Steve “The Dude of Life” Pollak has been friends with Trey Anastasio since they played together in the band Space Antelope as high school students. Early on, Pollak wrote the lyrics to Phish classics like “Fluffhead,” “Suzy Greenberg,” “Run Like An Antelope,” “Slave to the Traffic Light,” “Sanity” and “Dinner and a Movie” and the band backed him on the album Crimes of the Mind. In the ‘80s and ‘90s, Pollak was a visible presence at Phish shows as well, often joining the group onstage in crazy costumes with a fake chicken. Though Pollak’s last sit in with the band was in 2003, he remains involved with Anastasio creatively and recently contributed to the new songs “Show of Life” and “Dr. Gabel.” A few days before Super Ball, Pollak brought us up to date on all things Dude.
It has been a few years since you released an album. I heard you were teaching these days. Can you start by giving us some background on your current career and how it ties into your music?
Over the last eight years I have taught elementary education at various schools. This year I taught at a private school working as a S.E.I.T. (Special Education Itinerant Teacher) with kids diagnosed with ADHD (Attention Deficit Hyperactivity Disorder). It gave me tremendous satisfaction to play a role in helping these children turn their lives around and watch them flourish. An added benefit of being in the field of education is that it gives me ample time to work on my songwriting.
The last time I saw you play was with Mike Gordon Band at Brooklyn Bowl this past March. How often is the Dude of Life playing these days?
The Mike Gordon Band is phenomenal by the way. Until recently, doing gigs was on the back burner for me while life was hectic yet fun having and raising my three young children. But now, thank God, my youngest is finally out of diapers and I have begun playing once again and I’m loving it. I’ve recently been doing gigs with The Fluid Druids with my pals Charlie De Saint Phalle, Dave Coats and Mo Haroche. We’re working on some fantastic new tunes. Time to raise the gear shift!!!
Do you have any plans to release a new studio album or live record?
Over the past six months [fellow Phish songwriter] Tom Marshall and I have been collaborating, for the first time, on a new project. We have been having a blast while coming up with some great material. We are looking forward to getting into the studio and laying down tracks.
In 2010 Phish introduced two new Dude of Life/Trey Anastasio originals, “Show of Life” and “Dr. Gabel.” Can you talk a little bit about the sessions that yielded those two songs specifically? I heard you wrote “Show of Life” over sushi with Trey.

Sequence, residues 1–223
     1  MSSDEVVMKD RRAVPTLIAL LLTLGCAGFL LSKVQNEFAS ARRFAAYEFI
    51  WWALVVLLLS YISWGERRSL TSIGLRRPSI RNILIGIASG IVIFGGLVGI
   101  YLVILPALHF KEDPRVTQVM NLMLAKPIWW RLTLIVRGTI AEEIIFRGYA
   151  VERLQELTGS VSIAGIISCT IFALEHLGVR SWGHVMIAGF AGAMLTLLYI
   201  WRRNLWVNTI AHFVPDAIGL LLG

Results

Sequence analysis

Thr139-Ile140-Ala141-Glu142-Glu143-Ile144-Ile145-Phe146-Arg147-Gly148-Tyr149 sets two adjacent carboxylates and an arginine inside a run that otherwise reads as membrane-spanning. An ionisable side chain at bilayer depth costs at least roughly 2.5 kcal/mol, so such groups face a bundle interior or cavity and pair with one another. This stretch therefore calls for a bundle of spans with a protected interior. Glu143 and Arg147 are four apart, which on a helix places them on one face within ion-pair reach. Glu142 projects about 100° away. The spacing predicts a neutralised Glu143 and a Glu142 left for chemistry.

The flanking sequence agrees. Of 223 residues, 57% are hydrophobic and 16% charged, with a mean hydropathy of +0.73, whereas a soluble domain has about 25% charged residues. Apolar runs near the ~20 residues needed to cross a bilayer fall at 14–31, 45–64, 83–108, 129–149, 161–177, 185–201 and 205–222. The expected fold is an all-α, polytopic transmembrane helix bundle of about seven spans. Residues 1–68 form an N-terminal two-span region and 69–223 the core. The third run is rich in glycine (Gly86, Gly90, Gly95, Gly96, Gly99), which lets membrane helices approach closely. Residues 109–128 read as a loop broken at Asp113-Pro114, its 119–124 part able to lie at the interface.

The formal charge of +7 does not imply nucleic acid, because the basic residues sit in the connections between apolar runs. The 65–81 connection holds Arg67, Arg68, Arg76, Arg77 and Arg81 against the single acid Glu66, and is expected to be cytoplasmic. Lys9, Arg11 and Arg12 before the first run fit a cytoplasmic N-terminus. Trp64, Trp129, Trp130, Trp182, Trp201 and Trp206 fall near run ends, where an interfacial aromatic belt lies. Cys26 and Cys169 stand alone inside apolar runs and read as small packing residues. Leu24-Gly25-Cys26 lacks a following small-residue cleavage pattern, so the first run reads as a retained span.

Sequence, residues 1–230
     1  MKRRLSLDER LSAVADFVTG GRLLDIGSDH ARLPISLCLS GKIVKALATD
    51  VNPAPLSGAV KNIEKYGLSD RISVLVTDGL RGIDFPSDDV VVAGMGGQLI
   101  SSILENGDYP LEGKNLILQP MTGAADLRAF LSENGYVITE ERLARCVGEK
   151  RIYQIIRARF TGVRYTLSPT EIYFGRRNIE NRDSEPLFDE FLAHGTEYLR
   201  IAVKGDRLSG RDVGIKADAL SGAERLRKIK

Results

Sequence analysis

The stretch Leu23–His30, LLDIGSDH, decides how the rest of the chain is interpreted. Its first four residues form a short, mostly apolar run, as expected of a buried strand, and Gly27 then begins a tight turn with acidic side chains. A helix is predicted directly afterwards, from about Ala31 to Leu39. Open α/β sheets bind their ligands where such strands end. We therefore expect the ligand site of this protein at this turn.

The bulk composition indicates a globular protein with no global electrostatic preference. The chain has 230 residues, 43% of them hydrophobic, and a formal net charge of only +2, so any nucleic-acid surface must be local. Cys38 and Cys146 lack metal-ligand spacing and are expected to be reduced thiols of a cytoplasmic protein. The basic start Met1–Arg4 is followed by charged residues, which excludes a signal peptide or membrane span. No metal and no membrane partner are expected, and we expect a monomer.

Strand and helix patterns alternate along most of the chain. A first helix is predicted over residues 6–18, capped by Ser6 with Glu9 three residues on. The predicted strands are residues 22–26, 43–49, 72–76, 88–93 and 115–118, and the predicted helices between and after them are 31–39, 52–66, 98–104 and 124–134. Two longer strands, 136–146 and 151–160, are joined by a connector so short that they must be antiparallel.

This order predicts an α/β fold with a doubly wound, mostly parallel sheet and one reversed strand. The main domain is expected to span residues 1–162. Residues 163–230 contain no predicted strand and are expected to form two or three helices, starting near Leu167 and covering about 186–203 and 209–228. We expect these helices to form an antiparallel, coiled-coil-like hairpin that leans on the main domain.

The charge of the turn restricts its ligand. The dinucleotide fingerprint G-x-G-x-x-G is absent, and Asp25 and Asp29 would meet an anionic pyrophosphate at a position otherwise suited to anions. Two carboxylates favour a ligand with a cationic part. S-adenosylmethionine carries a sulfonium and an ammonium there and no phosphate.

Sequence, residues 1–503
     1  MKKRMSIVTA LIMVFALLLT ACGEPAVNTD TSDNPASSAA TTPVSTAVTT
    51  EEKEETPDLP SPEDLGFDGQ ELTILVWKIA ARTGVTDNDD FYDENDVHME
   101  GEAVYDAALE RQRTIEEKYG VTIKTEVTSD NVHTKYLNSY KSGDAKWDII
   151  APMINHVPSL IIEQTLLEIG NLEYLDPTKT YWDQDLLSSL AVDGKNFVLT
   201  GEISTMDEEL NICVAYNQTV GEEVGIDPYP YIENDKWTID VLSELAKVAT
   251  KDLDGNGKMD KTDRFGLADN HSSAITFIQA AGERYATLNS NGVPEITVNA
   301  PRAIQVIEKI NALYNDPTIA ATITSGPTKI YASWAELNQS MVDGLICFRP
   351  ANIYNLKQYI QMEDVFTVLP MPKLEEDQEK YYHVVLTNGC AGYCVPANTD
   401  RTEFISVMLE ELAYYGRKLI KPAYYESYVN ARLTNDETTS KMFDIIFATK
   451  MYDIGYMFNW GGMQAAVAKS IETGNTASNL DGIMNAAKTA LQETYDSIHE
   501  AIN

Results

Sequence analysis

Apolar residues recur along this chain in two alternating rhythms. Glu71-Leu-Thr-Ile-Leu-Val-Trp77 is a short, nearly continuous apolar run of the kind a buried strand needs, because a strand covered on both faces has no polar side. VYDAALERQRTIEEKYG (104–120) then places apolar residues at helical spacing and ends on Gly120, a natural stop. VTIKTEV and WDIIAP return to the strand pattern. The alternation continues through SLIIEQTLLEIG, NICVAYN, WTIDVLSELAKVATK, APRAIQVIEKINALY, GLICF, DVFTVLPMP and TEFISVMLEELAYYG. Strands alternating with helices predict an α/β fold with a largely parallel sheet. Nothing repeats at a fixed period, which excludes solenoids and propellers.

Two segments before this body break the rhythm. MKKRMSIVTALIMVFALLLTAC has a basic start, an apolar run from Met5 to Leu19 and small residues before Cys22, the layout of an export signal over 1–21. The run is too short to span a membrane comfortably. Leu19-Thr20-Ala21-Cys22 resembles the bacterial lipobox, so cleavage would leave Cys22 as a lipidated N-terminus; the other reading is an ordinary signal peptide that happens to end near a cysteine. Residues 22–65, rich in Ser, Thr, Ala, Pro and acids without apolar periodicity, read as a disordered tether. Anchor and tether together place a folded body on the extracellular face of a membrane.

Once in a while Trey and I get together for sushi in New York City. Trey was showing me a new app on his phone that served as a four track machine. This is going back two years but it was an awesome new app at the time, and we started messing around with it. “Show of Life” was born in that sushi restaurant. We were singing at the table but we felt we were making a little too much noise in there so we decided to go out onto the sidewalk. We started belting out the song into a tiny microphone and then a crowd began to gather. It was one for the books.
“Dr. Gabel” was a song that Trey and I first worked on almost two years ago. The ultimate goal of the tune is to enable the listener to experience an emotional catharsis by its conclusion. Imagine a song in a single listen that could have the similar impact as months of therapy—without shelling out thousands of dollars! It’s a work in progress. It had a rough first run out of the gate which means it might not get a second chance. It would be interesting if Henrietta [Jon Fishman] were to sing a couple of the lead vocal sections because I feel that would completely transform the song’s dynamic.
You met Trey in high school. Who were some of the bands you first bonded over? At that time, did you share a common love of jambands and the Grateful Dead?
We went to a lot of amazing concerts together in high school. We went to many Dead shows and had some…uh…some very enlightening experiences at that time. We also loved seeing bands like Talking Heads, Pat Metheny, Lou Reed and The B52s to name a few. We also loved listening to old albums together. One afternoon we were at his mom’s apartment in New York City listening to the Beatles’ “White Album.” We played the song “Because” about four or five times in a row, and we were laughing hysterically. (You had to be there.) About an hour later I wound up regurgitating on his mom’s new white rug. I was attempting to clean it up and that’s the exact moment when she decided to return home. Suffice it to say she was not happy. It’s been over thirty years since that episode occurred and I’m still not sure if she’s forgiven me.
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